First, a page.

All posts filed under: Columns

Is it really that important?

I was walking along a country lane near my home recently, mulling over all the things I had to do that day when in the distance, I saw an elderly man rummaging through his refuse bin. As I contined to agonise over the business of life, finances, career, children and schooling—all the issues that can consume and overwhelm, my dog dashed ahead and gave her customary golden retriever greeting. There was no avoiding this encounter; the apparently important tasks would simply have to wait. As I paid more attention to the elderly man, I could see he was looking for a lost piece of paper—clearly something he had thrown in the recycle bin in error. He appeared to be taking his time and was still dressed in pyjamas—rumpled striped pants up to his ankles, faded dressing gown and comfortable old slippers  – long, silvery hair giving him a slightly eccentric stance. In spite of his early morning attire, he greeted me graciously and appeared to have all the time in the world to chat. I thought how wonderful it was …

Covertly Corporate

It’s raining as I step out of the train and onto a sodden city central platform. I marvel at how I choose to go corporate on the very day the heavens open in Queensland. I commend myself on my choice of outfit—in essence, my spare wedding ensemble from my niece’s recent nuptials—the sensible attire I rejected in favour of a frothy, frivolous dress. Fashionistas Trinny and Susannah would be proud.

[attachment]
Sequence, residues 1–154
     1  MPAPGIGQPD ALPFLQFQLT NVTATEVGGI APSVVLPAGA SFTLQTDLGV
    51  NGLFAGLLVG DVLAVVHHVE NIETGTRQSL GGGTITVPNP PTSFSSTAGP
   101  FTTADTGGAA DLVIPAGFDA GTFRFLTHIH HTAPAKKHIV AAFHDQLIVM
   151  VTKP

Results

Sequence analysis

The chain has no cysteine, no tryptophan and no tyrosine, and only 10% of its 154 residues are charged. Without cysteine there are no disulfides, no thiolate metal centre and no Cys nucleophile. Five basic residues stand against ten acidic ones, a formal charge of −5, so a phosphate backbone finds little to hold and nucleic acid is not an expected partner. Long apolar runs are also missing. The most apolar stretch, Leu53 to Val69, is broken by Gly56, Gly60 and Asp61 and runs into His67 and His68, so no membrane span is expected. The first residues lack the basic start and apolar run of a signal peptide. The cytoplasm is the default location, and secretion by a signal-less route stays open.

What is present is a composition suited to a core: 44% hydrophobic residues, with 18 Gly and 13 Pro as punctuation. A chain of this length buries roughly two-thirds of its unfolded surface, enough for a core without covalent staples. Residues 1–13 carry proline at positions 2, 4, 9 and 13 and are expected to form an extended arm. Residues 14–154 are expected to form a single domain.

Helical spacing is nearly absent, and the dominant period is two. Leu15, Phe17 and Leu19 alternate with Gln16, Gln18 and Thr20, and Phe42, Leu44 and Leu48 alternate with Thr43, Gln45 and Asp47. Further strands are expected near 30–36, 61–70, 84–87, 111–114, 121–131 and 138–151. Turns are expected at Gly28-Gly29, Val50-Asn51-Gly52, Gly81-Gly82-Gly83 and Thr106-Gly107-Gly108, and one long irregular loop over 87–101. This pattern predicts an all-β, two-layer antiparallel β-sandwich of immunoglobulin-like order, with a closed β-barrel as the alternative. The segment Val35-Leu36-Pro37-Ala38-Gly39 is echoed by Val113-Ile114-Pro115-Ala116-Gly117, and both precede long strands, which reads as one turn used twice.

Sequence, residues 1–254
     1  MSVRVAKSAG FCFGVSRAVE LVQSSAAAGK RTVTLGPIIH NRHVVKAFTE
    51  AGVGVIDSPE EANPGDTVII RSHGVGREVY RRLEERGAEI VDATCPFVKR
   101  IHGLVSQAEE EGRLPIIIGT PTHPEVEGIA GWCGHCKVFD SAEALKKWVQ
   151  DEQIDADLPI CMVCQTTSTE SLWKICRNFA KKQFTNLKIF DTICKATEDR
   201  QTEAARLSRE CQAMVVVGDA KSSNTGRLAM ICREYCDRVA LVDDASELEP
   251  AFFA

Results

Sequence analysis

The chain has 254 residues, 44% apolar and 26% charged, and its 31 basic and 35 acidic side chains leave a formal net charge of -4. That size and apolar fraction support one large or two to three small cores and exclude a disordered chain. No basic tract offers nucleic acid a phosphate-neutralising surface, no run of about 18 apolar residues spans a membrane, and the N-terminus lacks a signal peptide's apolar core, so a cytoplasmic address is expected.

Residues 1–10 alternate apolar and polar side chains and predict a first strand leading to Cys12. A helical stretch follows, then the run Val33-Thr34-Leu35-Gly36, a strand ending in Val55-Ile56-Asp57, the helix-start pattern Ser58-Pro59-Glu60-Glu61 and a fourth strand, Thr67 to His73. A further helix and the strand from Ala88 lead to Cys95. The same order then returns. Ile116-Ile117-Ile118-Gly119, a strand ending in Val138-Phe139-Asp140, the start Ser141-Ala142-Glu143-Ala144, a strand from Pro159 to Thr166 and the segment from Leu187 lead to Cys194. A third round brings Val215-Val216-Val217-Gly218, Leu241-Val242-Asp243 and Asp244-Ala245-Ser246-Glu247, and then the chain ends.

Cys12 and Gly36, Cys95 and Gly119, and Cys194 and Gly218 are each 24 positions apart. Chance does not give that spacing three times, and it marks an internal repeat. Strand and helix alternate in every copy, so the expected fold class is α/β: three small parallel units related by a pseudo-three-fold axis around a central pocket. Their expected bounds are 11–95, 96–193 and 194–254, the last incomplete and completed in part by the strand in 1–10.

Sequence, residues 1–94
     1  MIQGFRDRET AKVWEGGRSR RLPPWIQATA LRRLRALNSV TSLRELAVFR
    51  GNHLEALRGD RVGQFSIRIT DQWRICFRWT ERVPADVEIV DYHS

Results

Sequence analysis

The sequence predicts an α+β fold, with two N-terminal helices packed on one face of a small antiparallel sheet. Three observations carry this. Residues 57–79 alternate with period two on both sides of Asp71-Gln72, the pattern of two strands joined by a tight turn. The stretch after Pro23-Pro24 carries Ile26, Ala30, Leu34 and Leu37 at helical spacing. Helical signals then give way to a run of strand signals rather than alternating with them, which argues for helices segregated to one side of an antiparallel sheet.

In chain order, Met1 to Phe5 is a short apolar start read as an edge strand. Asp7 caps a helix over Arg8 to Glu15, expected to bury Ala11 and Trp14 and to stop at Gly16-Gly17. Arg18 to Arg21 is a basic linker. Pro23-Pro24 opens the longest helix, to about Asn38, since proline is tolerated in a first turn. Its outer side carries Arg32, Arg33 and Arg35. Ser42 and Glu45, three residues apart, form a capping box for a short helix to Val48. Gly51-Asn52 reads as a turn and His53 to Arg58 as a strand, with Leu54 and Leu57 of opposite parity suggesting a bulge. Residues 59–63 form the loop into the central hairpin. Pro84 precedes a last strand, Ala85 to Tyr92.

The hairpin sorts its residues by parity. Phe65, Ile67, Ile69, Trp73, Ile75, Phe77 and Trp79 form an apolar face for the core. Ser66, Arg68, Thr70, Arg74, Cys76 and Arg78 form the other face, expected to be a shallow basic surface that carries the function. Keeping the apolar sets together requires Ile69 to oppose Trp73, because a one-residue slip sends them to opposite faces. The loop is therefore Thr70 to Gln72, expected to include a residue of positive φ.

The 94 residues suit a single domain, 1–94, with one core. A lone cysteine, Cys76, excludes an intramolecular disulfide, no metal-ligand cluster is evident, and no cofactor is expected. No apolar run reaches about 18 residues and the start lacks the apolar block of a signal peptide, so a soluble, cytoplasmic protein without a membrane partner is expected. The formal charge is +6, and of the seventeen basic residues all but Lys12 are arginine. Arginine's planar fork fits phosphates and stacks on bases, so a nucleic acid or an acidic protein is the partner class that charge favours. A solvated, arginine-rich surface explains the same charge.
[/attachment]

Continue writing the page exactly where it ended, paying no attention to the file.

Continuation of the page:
Lost Soles

The family wedding was set to be an exquisite occasion. Our wedding outfits were carefully chosen weeks before the event. My two sons would be handsome and smart in their crisp white shirts and neatly pressed black pants, all bought especially for the nuptials of their precious aunt. As a sensible mother, and realising that children’s wedding outfits were generally one-off affairs, never to be worn again, I’d applauded my recession-savvy ways of borrowing shoes for my youngest son.

A calculated confrontation

Don’t cause a scene. These were the unspoken words I grew up with. Cultured women don’t lose their decorum and tell shop keepers what they think of them. They maintain their dignity and they leave. They remain in control. Not this time. There was absolutely no forewarning. Nothing spectacular that led to the demise of the said decorum. It was simply a case of returning things and a string of very unhelpful shop assistants. And here, perhaps is a little sage advice. Never return two things in one day – especially if you don’t have the receipt docket with you. The first return, or rather request for the replacement of a certain snapped wash line toggle, was to a major national hardware shop. This hardware shop prides itself on its customer service and has a variety of jolly assistants starring in its television ads. With homely, cheery smiles, they tell the public about the wonderful store and lull viewers into such a sense of false security, they can almost imagine these cheerful souls as being …

Leading a Blonde Astray

I took my dog for a walk this morning. I snuck out the back way, through the bush and along the fire track. I was rather hoping to avoid Slater. Slater is the neighbourhood vagabond. We live in a picturesque little enclave where most properties ramble into each other without the concern of fences. This is not sensible suburbia, neatly fenced and gated where the neighbourhood dogs are restricted to their allotted area. In spite of the general lack of confines, however, most local dogs stay on their own turf and have no interest in roaming further than the postbox at the end of a rather long driveway. Slater has changed all that.